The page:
# Composition of Functions

The composition of two functions f and g is the new function h, where h(x) = f(g(x)), for all x in the domain of g such that g(x) is in the domain of f. The notation for function composition is h = f • g or h(x) = (f • g)(x) and is read as 'f of g of x'. The procedure is called composition because the new function is composed of the two given functions f and g, where one function is substituted into the other.

## Finding the Composition

Although composition of functions is best illustrated with an example, let us summarize the key steps:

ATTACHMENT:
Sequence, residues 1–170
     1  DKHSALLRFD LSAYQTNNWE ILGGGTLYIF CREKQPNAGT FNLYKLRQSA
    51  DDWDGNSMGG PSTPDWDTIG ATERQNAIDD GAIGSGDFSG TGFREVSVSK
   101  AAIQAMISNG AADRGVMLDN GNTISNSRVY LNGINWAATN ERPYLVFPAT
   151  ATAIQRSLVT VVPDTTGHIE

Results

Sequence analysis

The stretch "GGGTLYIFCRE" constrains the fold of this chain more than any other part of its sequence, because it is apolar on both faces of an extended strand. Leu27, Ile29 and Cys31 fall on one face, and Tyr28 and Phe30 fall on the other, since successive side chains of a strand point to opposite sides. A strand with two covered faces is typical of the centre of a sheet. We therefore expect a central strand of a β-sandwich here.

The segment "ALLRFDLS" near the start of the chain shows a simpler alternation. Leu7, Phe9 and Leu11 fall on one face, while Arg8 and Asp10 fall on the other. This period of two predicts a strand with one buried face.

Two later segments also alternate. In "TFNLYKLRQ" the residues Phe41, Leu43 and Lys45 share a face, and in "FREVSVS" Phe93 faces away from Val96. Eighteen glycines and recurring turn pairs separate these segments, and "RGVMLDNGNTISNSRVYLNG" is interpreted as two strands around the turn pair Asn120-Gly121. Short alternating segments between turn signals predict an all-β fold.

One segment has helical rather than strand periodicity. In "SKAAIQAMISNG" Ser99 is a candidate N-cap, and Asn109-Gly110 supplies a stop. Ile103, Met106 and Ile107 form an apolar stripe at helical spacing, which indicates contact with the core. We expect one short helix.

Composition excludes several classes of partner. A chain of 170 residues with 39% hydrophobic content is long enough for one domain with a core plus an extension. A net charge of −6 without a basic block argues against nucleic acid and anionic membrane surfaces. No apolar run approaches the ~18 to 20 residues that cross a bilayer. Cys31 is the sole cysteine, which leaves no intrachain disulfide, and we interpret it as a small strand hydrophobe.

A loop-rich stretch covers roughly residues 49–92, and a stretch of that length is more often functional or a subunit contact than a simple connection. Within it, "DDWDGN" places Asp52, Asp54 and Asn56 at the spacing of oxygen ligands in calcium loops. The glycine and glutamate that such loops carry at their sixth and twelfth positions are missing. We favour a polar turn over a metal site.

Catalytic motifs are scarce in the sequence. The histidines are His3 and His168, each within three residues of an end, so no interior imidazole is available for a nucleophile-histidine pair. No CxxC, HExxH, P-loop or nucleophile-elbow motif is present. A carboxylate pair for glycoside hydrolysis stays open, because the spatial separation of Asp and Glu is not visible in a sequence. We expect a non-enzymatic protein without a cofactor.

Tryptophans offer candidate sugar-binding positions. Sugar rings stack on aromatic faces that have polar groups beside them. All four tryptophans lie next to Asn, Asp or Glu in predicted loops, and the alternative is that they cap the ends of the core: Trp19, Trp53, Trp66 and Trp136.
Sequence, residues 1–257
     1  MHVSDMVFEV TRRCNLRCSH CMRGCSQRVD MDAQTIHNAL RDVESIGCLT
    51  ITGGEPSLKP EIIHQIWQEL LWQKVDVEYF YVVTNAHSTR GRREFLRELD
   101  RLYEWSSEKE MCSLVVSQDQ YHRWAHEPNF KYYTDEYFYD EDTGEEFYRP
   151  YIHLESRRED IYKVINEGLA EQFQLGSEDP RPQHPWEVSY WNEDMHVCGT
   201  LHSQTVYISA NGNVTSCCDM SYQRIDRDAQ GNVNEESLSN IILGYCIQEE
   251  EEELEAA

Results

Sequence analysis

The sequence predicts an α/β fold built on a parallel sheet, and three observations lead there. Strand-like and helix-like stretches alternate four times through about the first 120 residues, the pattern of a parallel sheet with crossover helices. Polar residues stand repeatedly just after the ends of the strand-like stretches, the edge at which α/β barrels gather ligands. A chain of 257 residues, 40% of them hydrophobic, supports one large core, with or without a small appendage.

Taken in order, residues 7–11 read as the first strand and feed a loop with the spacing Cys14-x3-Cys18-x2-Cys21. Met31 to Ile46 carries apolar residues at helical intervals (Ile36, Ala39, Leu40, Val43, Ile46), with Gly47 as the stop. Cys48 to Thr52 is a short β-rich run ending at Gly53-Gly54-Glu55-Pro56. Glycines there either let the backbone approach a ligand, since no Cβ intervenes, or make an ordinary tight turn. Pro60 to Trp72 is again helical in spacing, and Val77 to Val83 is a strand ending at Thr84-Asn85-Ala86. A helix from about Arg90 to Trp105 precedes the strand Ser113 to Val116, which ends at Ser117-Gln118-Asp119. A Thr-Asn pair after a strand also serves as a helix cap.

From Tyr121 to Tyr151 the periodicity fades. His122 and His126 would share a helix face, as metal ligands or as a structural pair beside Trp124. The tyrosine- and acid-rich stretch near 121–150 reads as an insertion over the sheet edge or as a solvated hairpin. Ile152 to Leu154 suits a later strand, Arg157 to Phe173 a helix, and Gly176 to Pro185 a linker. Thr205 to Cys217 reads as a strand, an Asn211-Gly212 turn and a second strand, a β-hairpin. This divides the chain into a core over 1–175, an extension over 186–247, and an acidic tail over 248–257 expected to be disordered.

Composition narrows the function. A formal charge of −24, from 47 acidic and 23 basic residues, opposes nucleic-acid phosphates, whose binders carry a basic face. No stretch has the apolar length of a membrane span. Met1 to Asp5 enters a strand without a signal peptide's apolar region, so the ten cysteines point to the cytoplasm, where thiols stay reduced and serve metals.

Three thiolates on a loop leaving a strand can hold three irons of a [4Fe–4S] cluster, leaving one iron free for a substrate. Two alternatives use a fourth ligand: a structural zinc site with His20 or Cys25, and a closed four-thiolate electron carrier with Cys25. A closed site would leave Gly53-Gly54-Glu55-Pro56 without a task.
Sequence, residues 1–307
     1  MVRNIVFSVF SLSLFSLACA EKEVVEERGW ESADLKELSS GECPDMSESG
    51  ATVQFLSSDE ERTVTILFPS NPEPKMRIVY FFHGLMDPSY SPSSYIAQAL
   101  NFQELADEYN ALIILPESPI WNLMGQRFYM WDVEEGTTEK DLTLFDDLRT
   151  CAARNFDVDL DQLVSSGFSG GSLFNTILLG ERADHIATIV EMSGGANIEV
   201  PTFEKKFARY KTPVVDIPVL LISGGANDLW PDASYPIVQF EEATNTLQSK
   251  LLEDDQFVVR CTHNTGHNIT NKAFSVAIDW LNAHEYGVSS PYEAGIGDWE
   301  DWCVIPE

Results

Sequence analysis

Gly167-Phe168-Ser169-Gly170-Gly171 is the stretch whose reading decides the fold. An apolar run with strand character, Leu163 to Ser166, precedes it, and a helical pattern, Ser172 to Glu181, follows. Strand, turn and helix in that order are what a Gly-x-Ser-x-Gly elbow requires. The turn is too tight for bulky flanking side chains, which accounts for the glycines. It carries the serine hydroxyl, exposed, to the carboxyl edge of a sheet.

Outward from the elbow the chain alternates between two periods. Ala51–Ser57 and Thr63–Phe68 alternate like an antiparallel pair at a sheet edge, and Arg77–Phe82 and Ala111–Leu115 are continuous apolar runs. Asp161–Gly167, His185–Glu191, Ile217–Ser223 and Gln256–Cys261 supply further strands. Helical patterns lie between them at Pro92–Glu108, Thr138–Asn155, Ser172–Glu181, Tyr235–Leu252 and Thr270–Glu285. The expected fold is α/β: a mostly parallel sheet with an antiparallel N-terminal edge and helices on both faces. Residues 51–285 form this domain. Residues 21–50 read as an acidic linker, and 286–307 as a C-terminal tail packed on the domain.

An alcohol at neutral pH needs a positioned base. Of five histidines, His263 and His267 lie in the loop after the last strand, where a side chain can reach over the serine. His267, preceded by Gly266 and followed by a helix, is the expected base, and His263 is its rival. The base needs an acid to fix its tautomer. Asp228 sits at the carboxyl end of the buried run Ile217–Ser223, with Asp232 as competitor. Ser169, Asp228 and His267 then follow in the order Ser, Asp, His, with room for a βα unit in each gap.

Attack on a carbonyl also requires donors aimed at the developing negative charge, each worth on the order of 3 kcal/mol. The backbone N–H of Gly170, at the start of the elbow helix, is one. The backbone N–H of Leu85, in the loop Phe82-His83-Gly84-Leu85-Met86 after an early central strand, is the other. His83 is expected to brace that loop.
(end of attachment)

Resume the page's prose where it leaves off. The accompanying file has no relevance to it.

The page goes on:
- rewrite f • g as f(g(x));
- replace g(x) with the function that it represents;
- evaluate f by replacing every x with the function that g(x) represents; and
- finally, if given a numerical value of x, evaluate the new function at this value by replacing all remaining x with the given value.

Note: Often f • g ≠ g • f and the two will have different domains. Also, be aware that you can take the composition of more than two functions: e.g., f(g(k(x))).

**Example: **Given the function f(x) = x^{2} and g(x) = x + 3, find f(g(1)) and g(f(1)).

*Solution:*

f(g(1)) = f(x + 3) g(f(x)) = g(x^{2})

= (x +3)^{2 } = x^{2} + 3

f(g(1)) = (1 + 3)^{2} g(f(1)) = 1^{2} + 3

= 16 = 4

Notice that f • g ≠ g • f

**Composition of Function Example 1:**

**Composition of Function Example 2:**

**Composition of Function Example 3:**

**Composition of Function Example 4:**

**Composition of Function Example 5:**

**Composition of Function Example 6:**